On May 9, 2022, the US Department of Commerce issued a Final Rule (the “Final Rule”) expanding the Russian industry sector sanctions to cover additional items subject to the Export Administration Regulations (the “EAR”) beyond restrictions targeting the Russian energy sector.

Under the Russia industry sector sanctions, all items identified in Supplement No. 4 to part 746 of the EAR (“Supplement No. 4”) that are subject to the EAR trigger a licensing requirement when they are exported, reexported, or transferred (in-country) to or within Russia. The items in Supplement No. 4 are classified as EAR99 and would not otherwise require authorization for export, reexport, or transfer to or within Russia.

A list of the categories of items covered under the expanded Supplement No. 4 is available here, and the expanded controls are effective on May 9, 2022. License applications for items subject to these sanctions are reviewed under a policy of denial except when they are for items that may be necessary for health and safety reasons, which are reviewed under a case-by-case license review policy. The Final Rule also adds an additional case-by-case license review policy when a license application is made for items that meet humanitarian needs.

In addition, the Final Rule clarifies that only the items identified in the HTS Description column of Supplement No. 4 are subject to the licensing requirement imposed under the Russian industry sector sanctions. Furthermore, the accompanying HTS Code, Schedule B, and Schedule B Description columns are provided for reference and are not intended to indicate that all items classified under those HTS Codes or Schedule B numbers are subject to the additional licensing requirement.

Finally, the Final Rule also includes a “savings clause” for shipments of items being added to Supplement No. 4 by the Final Rule that are being removed from eligibility for a license exception or for export, reexport, or transfer (in-country) without a license. Specifically, such shipments that were en route pursuant to an actual order to or within a non-US destination on May 9, 2022 may proceed to that destination under their prior eligibility.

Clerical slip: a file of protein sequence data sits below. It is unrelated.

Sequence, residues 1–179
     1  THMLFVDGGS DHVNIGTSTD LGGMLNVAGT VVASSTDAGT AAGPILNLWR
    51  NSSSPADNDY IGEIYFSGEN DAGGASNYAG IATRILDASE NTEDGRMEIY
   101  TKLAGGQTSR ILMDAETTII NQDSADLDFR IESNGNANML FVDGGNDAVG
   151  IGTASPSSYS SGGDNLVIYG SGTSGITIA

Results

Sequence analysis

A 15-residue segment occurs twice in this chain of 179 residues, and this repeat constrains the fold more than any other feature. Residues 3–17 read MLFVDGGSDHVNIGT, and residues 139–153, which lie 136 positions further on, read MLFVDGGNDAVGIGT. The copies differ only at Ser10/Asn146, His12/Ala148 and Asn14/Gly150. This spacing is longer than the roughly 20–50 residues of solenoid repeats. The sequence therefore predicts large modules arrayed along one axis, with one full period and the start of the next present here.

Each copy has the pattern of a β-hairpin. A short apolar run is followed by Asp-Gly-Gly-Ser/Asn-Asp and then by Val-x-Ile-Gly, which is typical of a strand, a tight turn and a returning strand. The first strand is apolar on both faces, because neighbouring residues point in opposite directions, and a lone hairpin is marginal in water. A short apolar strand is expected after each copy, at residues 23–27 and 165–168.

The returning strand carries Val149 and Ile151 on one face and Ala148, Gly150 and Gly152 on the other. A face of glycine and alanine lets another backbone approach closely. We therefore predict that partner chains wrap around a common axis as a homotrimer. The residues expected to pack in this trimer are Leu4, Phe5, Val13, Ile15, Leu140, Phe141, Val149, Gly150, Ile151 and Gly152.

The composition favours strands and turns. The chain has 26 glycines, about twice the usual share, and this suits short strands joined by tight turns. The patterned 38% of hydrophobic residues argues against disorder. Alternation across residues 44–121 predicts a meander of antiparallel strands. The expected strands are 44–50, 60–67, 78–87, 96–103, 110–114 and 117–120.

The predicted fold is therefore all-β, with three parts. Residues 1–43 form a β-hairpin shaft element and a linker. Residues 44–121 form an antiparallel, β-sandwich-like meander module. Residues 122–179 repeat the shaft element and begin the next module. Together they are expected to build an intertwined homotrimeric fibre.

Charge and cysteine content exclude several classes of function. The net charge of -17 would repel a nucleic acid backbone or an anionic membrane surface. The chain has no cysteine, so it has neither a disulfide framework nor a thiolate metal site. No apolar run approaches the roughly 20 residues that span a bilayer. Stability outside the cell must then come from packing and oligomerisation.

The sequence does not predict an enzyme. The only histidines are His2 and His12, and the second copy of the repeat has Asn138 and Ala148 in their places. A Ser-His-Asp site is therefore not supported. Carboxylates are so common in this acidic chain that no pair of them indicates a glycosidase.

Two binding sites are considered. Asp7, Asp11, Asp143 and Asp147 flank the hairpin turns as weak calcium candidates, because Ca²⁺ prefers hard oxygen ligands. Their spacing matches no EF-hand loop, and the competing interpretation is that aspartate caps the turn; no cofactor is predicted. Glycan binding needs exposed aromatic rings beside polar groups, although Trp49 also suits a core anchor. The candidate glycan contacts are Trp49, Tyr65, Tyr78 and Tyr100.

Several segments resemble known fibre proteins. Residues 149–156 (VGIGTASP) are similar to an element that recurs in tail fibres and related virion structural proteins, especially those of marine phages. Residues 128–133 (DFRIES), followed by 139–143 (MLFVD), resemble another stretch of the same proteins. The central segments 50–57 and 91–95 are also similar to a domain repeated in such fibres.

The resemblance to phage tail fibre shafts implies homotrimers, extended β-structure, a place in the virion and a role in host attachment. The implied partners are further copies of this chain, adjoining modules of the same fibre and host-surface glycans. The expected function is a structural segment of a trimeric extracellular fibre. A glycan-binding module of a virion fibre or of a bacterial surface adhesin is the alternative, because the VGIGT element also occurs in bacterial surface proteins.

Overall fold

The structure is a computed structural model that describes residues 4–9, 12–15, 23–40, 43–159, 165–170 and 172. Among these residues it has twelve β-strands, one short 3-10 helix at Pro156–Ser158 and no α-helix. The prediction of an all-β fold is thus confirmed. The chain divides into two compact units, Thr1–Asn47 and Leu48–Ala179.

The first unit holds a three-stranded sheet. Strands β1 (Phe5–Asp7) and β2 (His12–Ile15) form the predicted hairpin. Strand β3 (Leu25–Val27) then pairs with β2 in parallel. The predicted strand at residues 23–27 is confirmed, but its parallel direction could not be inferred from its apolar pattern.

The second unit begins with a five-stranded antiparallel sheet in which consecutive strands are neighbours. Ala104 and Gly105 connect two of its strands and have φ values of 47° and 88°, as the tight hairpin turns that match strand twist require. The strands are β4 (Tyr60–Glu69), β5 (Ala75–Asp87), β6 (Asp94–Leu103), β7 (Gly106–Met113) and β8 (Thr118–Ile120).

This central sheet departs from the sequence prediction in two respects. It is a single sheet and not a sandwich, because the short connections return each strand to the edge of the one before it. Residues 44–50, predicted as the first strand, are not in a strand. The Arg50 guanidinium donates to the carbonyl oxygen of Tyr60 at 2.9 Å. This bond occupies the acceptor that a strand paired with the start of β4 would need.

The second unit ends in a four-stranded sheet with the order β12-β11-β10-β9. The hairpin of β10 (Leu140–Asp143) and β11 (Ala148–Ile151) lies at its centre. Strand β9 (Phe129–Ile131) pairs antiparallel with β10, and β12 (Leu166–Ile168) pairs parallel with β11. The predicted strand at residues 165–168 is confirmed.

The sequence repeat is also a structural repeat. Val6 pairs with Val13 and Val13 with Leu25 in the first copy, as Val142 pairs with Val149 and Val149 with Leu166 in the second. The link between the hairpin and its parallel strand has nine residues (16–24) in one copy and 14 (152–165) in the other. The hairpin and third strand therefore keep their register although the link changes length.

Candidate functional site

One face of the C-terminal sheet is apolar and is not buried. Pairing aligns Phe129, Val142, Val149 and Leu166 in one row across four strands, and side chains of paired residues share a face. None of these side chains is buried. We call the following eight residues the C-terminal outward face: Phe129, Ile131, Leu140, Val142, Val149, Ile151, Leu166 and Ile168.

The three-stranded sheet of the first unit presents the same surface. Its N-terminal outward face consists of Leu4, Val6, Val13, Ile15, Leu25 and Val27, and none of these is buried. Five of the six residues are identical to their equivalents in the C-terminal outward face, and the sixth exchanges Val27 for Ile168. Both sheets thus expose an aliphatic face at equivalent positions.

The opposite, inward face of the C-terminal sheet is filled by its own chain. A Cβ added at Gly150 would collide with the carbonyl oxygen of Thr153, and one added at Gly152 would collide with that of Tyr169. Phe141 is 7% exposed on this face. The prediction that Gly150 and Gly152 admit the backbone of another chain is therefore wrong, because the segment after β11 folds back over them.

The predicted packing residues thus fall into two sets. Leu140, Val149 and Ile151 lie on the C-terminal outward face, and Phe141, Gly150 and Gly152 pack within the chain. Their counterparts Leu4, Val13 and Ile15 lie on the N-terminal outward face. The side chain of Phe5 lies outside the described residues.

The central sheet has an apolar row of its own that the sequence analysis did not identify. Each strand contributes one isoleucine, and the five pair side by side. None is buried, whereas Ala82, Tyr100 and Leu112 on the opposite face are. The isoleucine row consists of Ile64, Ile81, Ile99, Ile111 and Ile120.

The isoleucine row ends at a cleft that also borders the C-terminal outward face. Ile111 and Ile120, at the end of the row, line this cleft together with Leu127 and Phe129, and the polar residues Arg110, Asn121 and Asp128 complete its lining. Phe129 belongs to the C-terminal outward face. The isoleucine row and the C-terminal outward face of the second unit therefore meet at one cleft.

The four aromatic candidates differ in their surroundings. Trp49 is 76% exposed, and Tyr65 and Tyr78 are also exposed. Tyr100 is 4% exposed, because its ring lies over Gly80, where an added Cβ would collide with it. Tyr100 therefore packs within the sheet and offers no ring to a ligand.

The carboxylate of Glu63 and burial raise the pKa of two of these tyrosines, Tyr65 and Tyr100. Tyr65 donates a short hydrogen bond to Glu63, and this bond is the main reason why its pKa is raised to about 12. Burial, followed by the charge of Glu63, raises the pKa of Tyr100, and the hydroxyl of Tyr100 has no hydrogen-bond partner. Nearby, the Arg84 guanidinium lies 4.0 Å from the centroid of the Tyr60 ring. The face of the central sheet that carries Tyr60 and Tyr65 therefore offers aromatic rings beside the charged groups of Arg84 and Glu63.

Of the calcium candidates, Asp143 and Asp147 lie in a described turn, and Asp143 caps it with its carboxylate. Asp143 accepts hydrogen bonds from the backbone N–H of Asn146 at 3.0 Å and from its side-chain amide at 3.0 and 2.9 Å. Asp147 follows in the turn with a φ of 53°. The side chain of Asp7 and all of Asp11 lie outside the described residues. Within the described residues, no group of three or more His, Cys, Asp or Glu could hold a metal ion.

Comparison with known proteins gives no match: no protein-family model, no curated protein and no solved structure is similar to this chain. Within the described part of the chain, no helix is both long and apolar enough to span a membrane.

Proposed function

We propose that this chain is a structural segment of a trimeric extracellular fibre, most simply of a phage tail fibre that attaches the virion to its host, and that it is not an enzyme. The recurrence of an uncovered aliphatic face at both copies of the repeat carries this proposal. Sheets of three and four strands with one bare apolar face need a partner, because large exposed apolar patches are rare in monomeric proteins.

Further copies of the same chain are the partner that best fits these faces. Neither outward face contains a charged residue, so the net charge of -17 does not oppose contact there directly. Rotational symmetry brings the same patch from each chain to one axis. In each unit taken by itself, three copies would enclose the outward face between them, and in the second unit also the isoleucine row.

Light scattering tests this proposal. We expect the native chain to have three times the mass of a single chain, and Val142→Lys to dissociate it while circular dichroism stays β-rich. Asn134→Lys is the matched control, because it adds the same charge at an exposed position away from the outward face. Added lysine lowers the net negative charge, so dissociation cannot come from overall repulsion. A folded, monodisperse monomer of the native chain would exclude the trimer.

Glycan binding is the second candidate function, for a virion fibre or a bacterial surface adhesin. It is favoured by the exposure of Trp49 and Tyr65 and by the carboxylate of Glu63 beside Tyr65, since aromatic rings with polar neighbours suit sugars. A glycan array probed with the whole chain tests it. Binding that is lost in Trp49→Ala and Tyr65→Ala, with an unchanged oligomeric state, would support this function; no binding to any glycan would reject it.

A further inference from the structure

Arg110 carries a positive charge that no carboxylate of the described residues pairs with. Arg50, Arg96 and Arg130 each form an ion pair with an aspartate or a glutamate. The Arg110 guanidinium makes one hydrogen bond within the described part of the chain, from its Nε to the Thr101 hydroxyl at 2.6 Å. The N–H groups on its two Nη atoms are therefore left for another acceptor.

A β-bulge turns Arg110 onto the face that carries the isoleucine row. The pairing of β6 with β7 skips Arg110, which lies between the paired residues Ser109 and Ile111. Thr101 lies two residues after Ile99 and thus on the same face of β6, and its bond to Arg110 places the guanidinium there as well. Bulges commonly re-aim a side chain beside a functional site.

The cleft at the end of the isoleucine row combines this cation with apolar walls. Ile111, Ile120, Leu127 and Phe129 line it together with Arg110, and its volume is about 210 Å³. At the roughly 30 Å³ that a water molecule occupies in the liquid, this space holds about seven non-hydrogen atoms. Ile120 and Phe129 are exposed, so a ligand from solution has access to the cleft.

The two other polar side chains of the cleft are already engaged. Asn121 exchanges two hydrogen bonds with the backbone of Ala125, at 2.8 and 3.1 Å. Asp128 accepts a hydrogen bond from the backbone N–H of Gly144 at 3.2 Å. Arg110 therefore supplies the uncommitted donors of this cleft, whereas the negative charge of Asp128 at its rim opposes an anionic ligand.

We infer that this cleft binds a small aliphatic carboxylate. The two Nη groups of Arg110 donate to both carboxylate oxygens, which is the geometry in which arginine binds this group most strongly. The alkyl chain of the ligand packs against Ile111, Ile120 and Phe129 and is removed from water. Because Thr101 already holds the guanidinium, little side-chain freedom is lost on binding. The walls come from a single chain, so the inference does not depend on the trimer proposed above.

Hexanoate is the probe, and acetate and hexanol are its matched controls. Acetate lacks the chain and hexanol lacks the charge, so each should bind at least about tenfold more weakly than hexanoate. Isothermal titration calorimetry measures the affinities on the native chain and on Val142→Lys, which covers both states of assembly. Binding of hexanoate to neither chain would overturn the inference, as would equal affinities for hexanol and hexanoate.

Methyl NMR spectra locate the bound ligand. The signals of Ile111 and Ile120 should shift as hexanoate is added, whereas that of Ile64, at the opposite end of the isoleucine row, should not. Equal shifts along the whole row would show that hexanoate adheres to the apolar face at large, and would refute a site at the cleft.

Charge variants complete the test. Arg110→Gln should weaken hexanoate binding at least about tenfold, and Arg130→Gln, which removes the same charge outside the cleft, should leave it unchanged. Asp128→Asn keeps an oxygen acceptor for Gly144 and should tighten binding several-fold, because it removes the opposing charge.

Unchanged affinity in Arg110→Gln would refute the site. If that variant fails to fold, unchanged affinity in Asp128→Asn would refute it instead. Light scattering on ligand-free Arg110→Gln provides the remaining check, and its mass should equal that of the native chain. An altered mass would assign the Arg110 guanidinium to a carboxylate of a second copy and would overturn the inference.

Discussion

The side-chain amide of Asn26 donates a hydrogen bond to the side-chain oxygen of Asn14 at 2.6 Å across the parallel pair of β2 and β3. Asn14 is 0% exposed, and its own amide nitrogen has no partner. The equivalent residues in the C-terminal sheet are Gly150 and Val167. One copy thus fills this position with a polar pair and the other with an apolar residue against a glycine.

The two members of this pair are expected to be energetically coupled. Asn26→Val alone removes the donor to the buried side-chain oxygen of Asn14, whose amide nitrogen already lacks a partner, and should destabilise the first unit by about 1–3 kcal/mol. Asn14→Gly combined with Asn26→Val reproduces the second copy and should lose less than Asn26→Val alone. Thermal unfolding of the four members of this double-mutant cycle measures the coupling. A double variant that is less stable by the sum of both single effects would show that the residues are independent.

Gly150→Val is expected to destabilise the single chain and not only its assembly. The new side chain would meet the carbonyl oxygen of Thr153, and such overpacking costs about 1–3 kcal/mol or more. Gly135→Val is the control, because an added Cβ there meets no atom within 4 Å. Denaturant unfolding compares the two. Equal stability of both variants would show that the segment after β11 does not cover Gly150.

Ms. Lis has extensive experience advising companies on US laws relating to exports and reexports of commercial goods and technology, defense trade controls and trade sanctions — including licensing, regulatory interpretations, compliance programs and enforcement matters. She also has advised clients on national security reviews of foreign investment administered by the Committee on Foreign Investment in the United States (CFIUS), including CFIUS-related due diligence, risk assessment, and representation before the CFIUS agencies.


Alex advises clients on compliance with US export controls, trade and economic sanctions, export controls (Export Administration Regulations (EAR); International Traffic in Arms Regulations (ITAR)) and antiboycott controls. He counsels on and prepares filings to submit to the US Government's Committee on Foreign Investment in the United States (CFIUS) with respect to the acquisition of US enterprises by non-US interests. Moreover, Alex advises US and non-US companies in the context of licensing, enforcement actions, internal investigations, compliance audits, mergers and acquisitions and other cross-border transactions, and the design, implementation, and administration of compliance programs. He has negotiated enforcement settlements related to both US sanctions and the EAR.


Daniel’s practice focuses on US economic and trade sanctions, including those targeting Iran, Russia, Cuba, Syria, and North Korea, export controls, and anti-boycott laws. He represents clients in national security reviews before the Committee on Foreign Investment in the United States (CFIUS), and has experience in federal court litigation and congressional investigations. His pro bono practice includes providing sanctions and export control advice to a global humanitarian NGO.